As long as we can still have different distance values for each object (so one object might switch LoDs sooner than another), all is fine.
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Re: Lod strategies

Post by syedhs » Tue Dec 03, 2013 7:43 am

I think pixel count strategy is always superior to distance strategy - because what really matters is the effective mesh size on the screen. Is there any reason why use distance instead of pixel count?
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Re: Lod strategies

Post by al2950 » Tue Dec 03, 2013 6:48 pm

syedhs wrote:I think pixel count strategy is always superior to distance strategy - because what really matters is the effective mesh size on the screen. Is there any reason why use distance instead of pixel count?
I have wondered this as well, as a result I see no problem with the changes dark_sylinc has made.
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Re: Lod strategies

Post by dark_sylinc » Tue Dec 03, 2013 7:10 pm

al2950 wrote:
syedhs wrote:I think pixel count strategy is always superior to distance strategy - because what really matters is the effective mesh size on the screen. Is there any reason why use distance instead of pixel count?
I have wondered this as well, as a result I see no problem with the changes dark_sylinc has made.
I believe the same.
Without proper care, pixel count strategies can have issues when the object is partially visible by the camera (i.e. half the object visible, half the pixels); but AFAIK our implementation doesn't have this particular issue (i.e. like a 360° fov camera)
Another issue can be that when the object rotates, less pixels may be visible, which again our implementation assumes the shape of the object is a sphere, so we shouldn't see this artifact either.

Since both distance and pixel count strategies assume the shape is a sphere, it should be theoretically possible to convert Lod values between one system and the other and make them work exactly the same. However it's far more intuitive to work with pixel coverage than with distance to viewer.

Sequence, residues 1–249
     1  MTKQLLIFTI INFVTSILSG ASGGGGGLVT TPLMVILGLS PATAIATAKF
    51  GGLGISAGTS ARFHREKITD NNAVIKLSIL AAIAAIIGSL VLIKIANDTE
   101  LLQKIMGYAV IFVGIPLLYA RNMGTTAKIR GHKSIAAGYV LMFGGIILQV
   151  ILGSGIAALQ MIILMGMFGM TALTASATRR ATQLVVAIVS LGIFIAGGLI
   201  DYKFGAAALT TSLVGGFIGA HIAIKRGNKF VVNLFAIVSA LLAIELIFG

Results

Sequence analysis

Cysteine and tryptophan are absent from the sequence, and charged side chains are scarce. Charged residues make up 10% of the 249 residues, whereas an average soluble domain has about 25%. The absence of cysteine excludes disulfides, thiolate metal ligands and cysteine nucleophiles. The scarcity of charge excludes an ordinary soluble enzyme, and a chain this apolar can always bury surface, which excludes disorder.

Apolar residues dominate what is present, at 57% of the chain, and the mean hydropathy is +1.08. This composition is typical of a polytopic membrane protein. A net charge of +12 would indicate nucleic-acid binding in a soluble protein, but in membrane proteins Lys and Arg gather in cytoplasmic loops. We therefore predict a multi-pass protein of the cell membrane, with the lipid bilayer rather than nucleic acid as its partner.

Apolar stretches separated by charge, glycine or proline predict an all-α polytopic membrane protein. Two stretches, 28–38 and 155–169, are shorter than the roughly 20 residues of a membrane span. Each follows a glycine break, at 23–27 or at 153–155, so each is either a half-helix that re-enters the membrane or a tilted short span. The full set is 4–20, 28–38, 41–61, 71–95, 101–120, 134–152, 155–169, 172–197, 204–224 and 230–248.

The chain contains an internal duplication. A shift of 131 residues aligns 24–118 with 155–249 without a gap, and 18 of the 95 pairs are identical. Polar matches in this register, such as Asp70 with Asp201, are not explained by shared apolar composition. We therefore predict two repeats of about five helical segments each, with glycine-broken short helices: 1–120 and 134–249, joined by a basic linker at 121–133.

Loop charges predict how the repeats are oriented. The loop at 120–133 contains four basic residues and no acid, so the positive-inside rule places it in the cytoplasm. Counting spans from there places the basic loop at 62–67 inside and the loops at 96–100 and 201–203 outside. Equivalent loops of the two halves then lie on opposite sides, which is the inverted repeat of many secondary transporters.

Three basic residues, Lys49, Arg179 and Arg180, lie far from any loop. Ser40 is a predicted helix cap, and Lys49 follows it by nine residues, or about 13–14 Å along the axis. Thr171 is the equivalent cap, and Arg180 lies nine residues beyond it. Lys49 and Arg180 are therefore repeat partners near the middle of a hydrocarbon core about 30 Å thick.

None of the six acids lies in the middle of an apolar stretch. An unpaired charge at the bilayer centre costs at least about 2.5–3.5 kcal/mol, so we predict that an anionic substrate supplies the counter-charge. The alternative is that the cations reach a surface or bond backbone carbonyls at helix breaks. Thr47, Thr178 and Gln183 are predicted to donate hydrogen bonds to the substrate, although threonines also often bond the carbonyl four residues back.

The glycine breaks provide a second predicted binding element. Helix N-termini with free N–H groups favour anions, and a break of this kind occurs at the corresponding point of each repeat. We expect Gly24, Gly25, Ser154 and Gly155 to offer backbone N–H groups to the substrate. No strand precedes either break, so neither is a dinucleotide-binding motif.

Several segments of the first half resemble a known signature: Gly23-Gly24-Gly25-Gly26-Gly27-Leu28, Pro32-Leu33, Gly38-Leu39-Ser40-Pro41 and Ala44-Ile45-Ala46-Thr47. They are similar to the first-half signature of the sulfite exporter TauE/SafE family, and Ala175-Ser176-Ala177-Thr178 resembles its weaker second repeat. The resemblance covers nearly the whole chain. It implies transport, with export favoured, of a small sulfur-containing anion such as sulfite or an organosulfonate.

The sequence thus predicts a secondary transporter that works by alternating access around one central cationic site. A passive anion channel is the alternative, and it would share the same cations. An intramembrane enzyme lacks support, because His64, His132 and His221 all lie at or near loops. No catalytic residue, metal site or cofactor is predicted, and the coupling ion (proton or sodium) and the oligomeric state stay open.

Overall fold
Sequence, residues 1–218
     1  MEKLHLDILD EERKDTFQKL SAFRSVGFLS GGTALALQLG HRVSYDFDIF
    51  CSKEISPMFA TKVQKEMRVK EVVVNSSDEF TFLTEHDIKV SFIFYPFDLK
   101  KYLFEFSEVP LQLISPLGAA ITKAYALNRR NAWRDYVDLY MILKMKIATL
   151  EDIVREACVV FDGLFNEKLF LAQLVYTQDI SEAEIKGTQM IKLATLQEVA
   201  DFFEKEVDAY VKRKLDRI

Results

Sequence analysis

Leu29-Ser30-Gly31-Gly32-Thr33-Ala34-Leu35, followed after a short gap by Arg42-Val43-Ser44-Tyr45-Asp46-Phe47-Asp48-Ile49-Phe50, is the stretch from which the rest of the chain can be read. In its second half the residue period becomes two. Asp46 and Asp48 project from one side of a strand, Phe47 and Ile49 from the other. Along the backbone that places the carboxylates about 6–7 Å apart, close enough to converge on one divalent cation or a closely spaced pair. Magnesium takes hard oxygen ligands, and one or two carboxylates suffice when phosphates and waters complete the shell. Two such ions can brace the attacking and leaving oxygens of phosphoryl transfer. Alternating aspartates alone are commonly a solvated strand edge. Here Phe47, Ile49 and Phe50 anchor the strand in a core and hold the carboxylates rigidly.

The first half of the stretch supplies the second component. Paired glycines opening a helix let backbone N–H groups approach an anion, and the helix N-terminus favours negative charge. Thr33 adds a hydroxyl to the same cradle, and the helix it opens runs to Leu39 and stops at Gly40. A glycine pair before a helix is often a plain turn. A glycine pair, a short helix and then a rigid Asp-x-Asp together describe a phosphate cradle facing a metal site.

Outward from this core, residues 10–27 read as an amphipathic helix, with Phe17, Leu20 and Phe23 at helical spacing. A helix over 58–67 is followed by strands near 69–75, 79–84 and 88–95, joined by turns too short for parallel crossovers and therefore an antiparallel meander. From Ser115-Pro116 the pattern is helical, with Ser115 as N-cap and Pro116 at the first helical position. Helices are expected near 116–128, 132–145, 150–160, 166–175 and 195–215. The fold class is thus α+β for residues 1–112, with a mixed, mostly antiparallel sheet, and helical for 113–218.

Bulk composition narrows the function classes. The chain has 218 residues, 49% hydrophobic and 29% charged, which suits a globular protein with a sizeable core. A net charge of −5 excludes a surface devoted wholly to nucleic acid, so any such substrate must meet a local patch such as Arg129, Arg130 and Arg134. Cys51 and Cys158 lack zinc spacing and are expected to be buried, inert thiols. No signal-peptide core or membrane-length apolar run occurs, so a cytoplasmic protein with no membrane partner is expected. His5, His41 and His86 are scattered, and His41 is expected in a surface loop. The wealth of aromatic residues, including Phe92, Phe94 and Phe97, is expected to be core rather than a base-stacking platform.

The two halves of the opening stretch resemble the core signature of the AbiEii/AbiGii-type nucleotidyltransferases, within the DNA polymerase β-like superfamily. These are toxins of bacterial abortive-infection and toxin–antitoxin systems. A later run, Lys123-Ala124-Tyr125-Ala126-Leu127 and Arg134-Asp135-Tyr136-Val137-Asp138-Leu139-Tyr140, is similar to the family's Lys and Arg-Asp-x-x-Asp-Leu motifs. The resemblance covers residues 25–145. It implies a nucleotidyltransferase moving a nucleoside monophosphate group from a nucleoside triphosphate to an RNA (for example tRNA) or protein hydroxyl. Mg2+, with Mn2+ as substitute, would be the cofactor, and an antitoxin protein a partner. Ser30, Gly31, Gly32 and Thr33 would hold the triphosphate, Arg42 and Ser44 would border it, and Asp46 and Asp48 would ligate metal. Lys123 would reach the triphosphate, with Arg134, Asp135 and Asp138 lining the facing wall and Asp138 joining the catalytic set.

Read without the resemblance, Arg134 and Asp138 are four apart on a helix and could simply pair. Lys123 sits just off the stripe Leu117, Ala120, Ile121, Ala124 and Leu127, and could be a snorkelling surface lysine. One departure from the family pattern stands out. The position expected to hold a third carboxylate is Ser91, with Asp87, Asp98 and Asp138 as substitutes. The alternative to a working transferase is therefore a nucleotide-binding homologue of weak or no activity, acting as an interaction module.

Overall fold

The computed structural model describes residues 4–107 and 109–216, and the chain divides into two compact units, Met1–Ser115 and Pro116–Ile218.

It's like kg vs liters. One measures weight or rather mass, the other volume; but if given that gravity, pressure and surface's density are known; it should be possible to convert between kg & liters (in this case the unknowns are aspect ratio, FOV, near & far plane and resolution)

However if we were to lift the "shape of a sphere" assumption, other issues start popping out (like rotating the object: Different amount of pixels shown)
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Re: Lod strategies

Post by jonim8or » Thu Feb 20, 2014 10:29 am

Interesting discussion on the LOD strategies and their applicability. However there is one strategy that would seem useful to me, that I haven't seen yet: bounding-sphere-size-on-screen-based
it differs from the pixel-count-based strategy, in that it does not take into consideration which part of the object is actually visible/drawn. So rotation or partial hiding don't cause sudden LOD switching.
it differs from the distance-based strategy in that objects can be scaled. So if a big and a small version of the same object are in view at the same distance, the big one will be shown detailed, the small one will be shown simple.
This also means that when you are drawing on a small window, you automatically draw the lower LODs, and on a bigger window you draw the detailed ones.

Optionally, one could have an ogre-wide "detail" setting, which is just a simple factor applied to the bounding-sphere-size-on-screen values, and which can be used to render lower quality meshes on lower-end systems.

Sorry that i am hijacking this thread a bit by coining an idea, it's just that I saw some experienced LOD users here...